Scientists and designers explore future of synthetic biology

19 Apr 2012

Studiolab image. Credit: Science Gallery at Trinity College Dublin

Science Galley in Dublin is playing host to an interactive workshop this week where five designers from the Royal College of Art in London are working with five Irish scientists to delve into the future of synthetic biology.

The eclectic group is aiming to explore the design of synthetic life and the fate of mutant products.

The Royal College of Art designers, who hail from its Design Interactions lab, are working with developmental biologists, geneticists, bio-engineers and DIY biologists at Science Gallery during the workshop called Mutant Products.

The 10 participants are discussing sketches, proposals and questions of design for synthetic biology at the workshop, which started yesterday and will run for two more days.

Visitors to Science Gallery between today and tomorrow will also have a chance to observe the workshop and even contribute to it, by posing their own questions and thoughts on the topic.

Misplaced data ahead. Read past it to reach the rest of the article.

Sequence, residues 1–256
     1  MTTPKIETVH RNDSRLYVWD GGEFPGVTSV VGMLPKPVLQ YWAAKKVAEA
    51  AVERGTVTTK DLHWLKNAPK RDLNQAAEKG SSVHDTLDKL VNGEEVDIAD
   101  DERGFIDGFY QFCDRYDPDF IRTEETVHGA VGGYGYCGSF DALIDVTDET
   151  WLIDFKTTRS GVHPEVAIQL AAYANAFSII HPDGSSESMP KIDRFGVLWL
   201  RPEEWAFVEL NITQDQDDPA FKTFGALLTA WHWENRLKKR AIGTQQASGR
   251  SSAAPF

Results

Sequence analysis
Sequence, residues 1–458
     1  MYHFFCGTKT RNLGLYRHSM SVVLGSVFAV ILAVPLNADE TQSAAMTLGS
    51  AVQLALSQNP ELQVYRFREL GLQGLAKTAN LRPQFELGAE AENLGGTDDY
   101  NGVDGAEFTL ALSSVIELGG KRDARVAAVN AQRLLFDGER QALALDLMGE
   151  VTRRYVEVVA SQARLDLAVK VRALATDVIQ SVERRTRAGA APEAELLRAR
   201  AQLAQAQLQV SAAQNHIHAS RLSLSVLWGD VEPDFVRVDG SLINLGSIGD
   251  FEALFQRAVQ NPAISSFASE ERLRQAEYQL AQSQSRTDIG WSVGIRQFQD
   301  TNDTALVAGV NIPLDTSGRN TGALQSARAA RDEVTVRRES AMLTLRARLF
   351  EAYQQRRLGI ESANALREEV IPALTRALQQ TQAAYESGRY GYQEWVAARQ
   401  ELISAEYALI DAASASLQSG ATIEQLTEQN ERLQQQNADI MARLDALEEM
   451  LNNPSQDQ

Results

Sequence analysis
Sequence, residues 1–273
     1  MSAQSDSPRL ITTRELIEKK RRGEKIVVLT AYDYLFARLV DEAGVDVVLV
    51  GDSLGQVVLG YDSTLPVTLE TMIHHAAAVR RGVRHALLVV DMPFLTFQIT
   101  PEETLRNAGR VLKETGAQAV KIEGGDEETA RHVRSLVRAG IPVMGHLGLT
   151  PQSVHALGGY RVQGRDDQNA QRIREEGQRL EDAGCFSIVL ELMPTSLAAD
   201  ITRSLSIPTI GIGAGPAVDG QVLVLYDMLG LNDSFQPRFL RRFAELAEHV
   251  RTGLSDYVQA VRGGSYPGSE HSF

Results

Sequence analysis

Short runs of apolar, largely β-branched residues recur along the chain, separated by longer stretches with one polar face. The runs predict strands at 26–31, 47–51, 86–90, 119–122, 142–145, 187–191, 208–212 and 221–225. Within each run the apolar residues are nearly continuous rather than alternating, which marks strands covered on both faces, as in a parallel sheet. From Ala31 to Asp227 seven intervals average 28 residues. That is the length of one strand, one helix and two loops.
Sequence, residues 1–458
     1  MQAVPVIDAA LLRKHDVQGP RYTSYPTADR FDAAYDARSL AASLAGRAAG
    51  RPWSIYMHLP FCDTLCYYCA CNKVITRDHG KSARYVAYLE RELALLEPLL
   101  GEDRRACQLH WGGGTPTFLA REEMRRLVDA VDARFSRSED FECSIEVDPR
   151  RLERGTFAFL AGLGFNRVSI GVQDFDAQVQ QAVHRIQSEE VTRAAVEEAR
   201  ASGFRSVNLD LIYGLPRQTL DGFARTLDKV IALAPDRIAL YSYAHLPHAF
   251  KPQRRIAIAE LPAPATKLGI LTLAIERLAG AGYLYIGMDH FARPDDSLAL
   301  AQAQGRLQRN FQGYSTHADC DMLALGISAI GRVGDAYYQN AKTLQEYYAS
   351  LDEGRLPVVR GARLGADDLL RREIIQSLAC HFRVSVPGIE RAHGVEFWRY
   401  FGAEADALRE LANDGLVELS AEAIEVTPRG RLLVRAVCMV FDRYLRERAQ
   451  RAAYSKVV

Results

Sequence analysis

Mutant Products itself is one of a series of activities in the Europe-wide, EC FP7-funded project Studiolab. Which explores creative opportunities where art, science and design collide and engages the public.

As well as Science Gallery in Dublin, which leads Studiolab, Design Interactions at The Royal College of Art, London, Le Laboratoire in Paris is a member, as is RIX-C, the Center for New Media Culture in Riga.

Other members include Ars Electronica in Linz; MediaLab Prado in Madrid; ISI Foundation in Turin; Optofonica, in Amsterdam; Ecole de Recherche Graphique in Brussels; Leonardo in France; CIANT in Prague; Medical Museion in Copenhagen and Bloomfield Science Museum in Jerusalem.

Carmel Doyle was a long-time reporter with Silicon Republic